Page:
The ACE Electoral Knowledge Network (reference below, link on right) describes a political party (p. 8) as “an organized group of people who exercise their legal right to identify with a set of similar political aims and opinions, and one that seeks to influence public policy by getting its candidates elected to public office.”
ACE notes that:
“Even though the presentation of candidates and the electoral campaign are the functions that are most visible to the electorate, political parties fulfill many other vital roles in a democratic society. They are also institutionalized mediators between civil society and the duly-elected representatives who decide and implement policy. For example, political party-affiliated legislators who meet with civil society representatives to solicit individual (or organizational) opinion in the public policy formulation process. By this, they enable their members’ and supporters’ demands to be represented in parliament and in government.”
Key tasks of political parties
ACE identifies the following key tasks (p. 8-9):
- Solicit and prioritize needs and policy priorities as identified by members and supporters
- Familiarize and educate voters and citizens in the functioning of the political and electoral system and in generating general political values
- Educate and train party members and leadership on an ongoing basis
- Balance opposing demands and convert them into general policies
- Activate and mobilize citizens toward political participation while demonstrating how they can transform public opinion into viable policy options
- Channel public opinion from citizens to government
- Recruit and train candidates for public office
ACE’s guiding principles of parties and candidates
ACE offers (p. 11-13) the following principles to guide legislation and practices regarding political parties and candidates, noting that the first three derive directly from basic civil and political rights, while the other seven relate to what is needed in practice for a political system to function democratically.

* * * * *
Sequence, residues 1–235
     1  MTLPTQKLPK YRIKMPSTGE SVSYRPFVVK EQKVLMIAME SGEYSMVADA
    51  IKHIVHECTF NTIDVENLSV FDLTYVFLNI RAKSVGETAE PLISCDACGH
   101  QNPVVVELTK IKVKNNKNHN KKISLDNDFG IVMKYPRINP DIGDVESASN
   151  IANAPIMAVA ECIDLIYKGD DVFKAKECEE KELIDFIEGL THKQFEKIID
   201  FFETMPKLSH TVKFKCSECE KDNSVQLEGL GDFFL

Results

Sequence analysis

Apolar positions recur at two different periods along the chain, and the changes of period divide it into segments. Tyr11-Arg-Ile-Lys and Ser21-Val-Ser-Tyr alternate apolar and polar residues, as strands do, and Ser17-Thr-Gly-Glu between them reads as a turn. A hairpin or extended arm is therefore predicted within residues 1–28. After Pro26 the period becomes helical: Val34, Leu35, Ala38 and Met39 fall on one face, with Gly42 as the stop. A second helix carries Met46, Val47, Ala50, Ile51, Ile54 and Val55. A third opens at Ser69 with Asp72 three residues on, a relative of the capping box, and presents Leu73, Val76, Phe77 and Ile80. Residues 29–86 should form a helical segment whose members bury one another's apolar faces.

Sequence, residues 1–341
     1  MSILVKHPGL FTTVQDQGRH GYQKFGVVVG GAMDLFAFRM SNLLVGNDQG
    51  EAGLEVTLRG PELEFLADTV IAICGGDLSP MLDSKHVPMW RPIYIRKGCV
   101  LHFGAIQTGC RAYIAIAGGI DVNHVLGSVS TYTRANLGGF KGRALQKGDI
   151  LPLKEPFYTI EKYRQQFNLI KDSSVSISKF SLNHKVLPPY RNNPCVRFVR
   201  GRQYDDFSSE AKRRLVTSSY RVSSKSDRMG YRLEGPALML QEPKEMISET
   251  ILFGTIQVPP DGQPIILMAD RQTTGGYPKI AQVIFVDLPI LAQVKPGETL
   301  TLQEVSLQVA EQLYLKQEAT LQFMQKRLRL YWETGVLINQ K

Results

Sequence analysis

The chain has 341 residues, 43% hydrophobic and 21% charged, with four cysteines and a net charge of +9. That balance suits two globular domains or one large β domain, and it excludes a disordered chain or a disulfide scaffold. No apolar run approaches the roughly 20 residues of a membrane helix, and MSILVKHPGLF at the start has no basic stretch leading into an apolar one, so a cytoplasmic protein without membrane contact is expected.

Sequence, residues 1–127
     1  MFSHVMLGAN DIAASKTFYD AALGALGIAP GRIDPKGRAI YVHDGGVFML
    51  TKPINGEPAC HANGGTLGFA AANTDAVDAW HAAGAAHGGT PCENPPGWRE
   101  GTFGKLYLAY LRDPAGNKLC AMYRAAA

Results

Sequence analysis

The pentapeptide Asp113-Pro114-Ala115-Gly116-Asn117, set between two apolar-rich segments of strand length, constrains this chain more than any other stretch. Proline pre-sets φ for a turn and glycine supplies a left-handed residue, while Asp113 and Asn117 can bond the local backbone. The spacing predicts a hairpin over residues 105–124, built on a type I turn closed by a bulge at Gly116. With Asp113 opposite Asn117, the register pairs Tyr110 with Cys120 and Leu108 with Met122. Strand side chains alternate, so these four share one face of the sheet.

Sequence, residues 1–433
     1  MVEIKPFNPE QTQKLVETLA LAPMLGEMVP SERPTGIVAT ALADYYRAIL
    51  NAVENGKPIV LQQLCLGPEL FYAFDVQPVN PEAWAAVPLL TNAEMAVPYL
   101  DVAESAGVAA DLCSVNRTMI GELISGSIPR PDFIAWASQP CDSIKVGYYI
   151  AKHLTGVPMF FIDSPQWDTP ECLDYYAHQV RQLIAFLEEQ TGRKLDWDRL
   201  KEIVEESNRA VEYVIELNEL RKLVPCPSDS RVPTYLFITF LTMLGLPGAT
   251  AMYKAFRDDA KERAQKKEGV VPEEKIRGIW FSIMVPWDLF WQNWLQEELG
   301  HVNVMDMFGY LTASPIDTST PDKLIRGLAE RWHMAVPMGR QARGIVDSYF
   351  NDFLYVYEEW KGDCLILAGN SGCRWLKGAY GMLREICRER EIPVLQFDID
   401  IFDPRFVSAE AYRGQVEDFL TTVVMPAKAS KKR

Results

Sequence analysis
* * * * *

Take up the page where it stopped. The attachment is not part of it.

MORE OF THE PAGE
- Freedom to stand for election – The freedom to stand for election refers to an individual’s ability to stand for election and to be duly elected to office. This may be either as an independent candidate or as a candidate of a political party or other organisation. Principles to take into consideration when restricting individuals’ freedom to stand for election include non-discrimination, relevance, reason, and objectivity. It is critical to ensure that the restrictions on and process of nomination are clearly stated in the electoral law.
- Freedom of speech and assembly – Freedom of speech and assembly refers to the right of citizens to express their opinions freely, individually or with others. It also refers to the ability for political parties and candidates to hold meetings and rallies and to freely and openly conduct public election campaigns. If restrictions are imposed, they tend to address issues of protection from, for example, hate speech or incitement of hatred and violence.
- Fair and peaceful competition – For the electoral competition to be fair and peaceful, political parties, candidates, and other electoral actors need to agree on the rules of the game. Such rules may include refraining from practices of hate speech, electoral violence, and defamation. This agreement can be informal, through a voluntary Code of Conduct, and/or supported through a legal framework with enforceable sanctions and is usually contained with the Electoral Code.